View from the ground, by Dr James Thambyrajah

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Dr James Thambyrajah

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In writing this article I am not trying to be overtly political or anti-Brexit, it is simply my attempt to process how Brexit will affect my CCG, my colleagues and friends, and most importantly, my patients. I have been contemplating what Brexit means to me (and you) as a GP, and reading every news update about Brexit. Naturally, we try to process politics through our own individual view points. Why do I care so much about Brexit? To quote the late Charles de Gaulle: ‘Politics is too serious a matter to be left to the politicians.

If you’re a fisherman off the coast of Scotland, you might be hoping that the Government keeps its promises about prioritising regulations so you can fish openly in our nation’s surrounding waters, without fear of European fishermen taking all the fish. If you run a small business that relies on trade via a single market and a solid customs union, you might be fearing for the livelihood of your business if that union is broken. As a GP, what I worry most about is my patients’ access to vital medicines. 

The Health Secretary recently implored GP practices and pharmacies not to locally hoard medicines as preparations are put in to place to prepare for a ‘no-deal’ Brexit. It is estimated that £2 billion will be needed to set aside 6 weeks’ worth of vital medicines in an attempt to avoid supply disruptions in the event of a no-deal Brexit.

When people voted for Brexit, did they honestly think they would be asking the Government to stockpile medicines?

Additionally, the EMA has dramatically cut Britain out of its contracts 7 months ahead of Brexit meaning that we will not be evaluating new medicines. This is a horrific blow to British pharmaceutical companies who are already recovering from the loss of the EMA’s London headquarters, which resulted in 900 job losses.

When it comes to the NHS workforce, 62,000 NHS staff in England are EU nationals—that is 5.6% of all staff. Additionally, 12.5% of all NHS staff state that their nationality is not British. Nearly 4000 staff from the European Economic Area (EEA) left the Nursing and Midwifery Council register between 2017 and 2018. Just a few weeks ago the RCGP released a statement expressing concern about the latest NHS Workforce Statistics, describing them as ‘demoralising and distressing’.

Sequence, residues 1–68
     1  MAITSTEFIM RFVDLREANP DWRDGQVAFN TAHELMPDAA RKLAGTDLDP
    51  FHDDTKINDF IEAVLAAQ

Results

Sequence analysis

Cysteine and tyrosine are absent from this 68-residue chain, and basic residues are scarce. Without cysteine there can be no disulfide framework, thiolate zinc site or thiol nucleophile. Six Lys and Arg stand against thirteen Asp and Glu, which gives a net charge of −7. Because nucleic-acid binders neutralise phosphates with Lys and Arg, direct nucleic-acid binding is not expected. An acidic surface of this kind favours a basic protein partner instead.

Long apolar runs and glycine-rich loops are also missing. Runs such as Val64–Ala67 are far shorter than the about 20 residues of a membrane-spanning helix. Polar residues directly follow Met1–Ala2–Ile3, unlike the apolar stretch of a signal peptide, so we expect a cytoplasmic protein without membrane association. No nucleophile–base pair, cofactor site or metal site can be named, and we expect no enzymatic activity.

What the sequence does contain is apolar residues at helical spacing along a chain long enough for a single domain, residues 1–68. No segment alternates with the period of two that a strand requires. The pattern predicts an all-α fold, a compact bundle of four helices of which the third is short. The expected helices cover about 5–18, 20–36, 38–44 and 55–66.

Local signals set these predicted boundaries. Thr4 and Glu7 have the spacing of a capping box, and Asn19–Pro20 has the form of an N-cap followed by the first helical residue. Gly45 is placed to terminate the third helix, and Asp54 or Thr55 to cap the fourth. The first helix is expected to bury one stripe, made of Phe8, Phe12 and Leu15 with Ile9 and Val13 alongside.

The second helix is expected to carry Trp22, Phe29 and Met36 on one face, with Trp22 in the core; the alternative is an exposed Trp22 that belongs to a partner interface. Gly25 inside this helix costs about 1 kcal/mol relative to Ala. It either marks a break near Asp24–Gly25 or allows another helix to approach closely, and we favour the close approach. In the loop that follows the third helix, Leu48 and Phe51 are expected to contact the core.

Helen Stokes-Lampard, RCGP Chair, has emphasised the importance of NHS England following through on its commitment made in the General practice forward view of 5000 more GPs and an extra £2.4 billion funding, but if an extra £2 billion is required to stockpile medications in the event of a no-deal Brexit, where will we find another £2.4 billion to pay for General practice forward view?

At the start of 2018, the Department of Health was renamed to the Department of Health and Social Care. I considered this as a step in the right direction as it has been clear that social care has not been prioritised enough with regards to the health of our patients. Figures from the Institute of Fiscal Studies state that local authority spending on adult social care decreased by 8% between 2000 and 2017. This statistic is very personal to me as, like many GPs, I regularly look after patients at a nursing home. I have seen the impact that reduced social care spending has on the general health of our patients. 

Many of the healthcare assistants and nurses that I work with are EU nationals. For example, I have a nurse colleague (and friend) who is Romanian and lives in London with her husband (a builder, also Romanian) with their 7-year-old daughter who was born in the UK. I asked her what she thinks about Brexit and she told me: ‘I’m scared for the future, we’re settled here but Brexit may change everything. We may have to go back to Romania—I don’t want to go back as this is our home.’ My friend is one of the most hard-working colleagues I know, a great team member, and an excellent nurse for her patients. We cannot afford to lose individuals like her. 

Stockpiling of medicines, job losses, and a mass-exodus of highly skilled NHS workers—is that really what ‘Vote Leave’ campaigned for?

Dr James Thambyrajah

Full-time salaried GP, Cheam Family Practice, Sutton